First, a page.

Rambles Around Old Victoria
The Nature Writings of Rev. Robert Connell
This blog shares the weekly newspaper nature column writings and illustrations of Rev. Robert Connell (1871-1957) who loved, studied, and taught about the nature and history of Victoria, Canada.
Born to Scottish parents in Liverpool, England, Connell moved to Canada at the age of 17. In 1896 while living in Calgary he was ordained as a priest in the Church of England and in 1901 he moved to Victoria, BC, where he later became deeply involved in Provincial politics, serving as the first leader of the BC CCF (now NDP) from 1933-9. He taught art and botany classes at Victoria High and St. Michael’s University Schools and was a member of the Victoria Natural History and Island Arts and Crafts Societies. He was an accomplished artist and a life-long student and devotee of the natural world.
Connell visits Pemberton Woods, a remnant of ancient woodland in what is now the Fairfield-Gonzales neighborhood of Victoria, paying particular attention to the wide range of birdlife he encounters there. From the Victoria Daily Colonist, May 17, 1942- The fancy took me the other evening to stroll over to the Pemberton Woods which, as manyContinue reading “Through Pemberton Woods in May”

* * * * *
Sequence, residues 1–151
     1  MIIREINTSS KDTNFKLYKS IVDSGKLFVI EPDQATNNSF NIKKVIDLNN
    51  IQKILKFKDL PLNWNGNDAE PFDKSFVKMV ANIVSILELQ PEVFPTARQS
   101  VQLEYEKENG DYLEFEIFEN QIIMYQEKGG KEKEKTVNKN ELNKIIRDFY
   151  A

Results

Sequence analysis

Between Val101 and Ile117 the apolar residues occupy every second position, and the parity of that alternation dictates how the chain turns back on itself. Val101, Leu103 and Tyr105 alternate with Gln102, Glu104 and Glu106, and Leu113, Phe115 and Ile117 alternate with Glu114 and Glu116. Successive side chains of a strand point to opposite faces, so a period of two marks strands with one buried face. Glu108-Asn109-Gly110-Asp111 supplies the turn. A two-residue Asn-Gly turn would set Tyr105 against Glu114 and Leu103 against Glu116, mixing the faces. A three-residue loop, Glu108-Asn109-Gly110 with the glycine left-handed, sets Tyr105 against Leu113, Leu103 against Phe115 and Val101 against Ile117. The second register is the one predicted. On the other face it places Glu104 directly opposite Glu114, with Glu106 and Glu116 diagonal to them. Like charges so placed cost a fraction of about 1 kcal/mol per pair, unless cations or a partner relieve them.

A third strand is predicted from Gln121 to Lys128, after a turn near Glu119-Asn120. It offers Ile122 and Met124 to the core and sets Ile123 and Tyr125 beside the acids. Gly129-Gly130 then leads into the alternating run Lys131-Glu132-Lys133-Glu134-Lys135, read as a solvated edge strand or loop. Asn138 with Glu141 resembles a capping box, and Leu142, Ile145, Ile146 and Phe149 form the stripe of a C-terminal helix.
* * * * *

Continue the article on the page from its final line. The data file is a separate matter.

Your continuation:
From the Victoria Daily Colonist, April 28th, 1940- Across the highway from Keating Hall a road runs downhill to the east and an elderly signboard still bears the inscription: “Telegraph Road”. This is the way to the seashore at Island View Park. It drops rather steeply from the long gravelly ridge followed by the highwayContinue reading “Telegraph Road to Cowichan Head”
Originally called “Tseleethch” by the Indigenous inhabitants, in this article Connell visits Cordova Bay’s stunning coastline and muses upon some of its geographic, as well as more recent, histories. From the Victoria Times Colonist, April 2, 1932- Cordova Bay is one of the few places in the vicinity of Victoria with a Spanish name. Yet,Continue reading “Cordova’s Wooded Cliffs”
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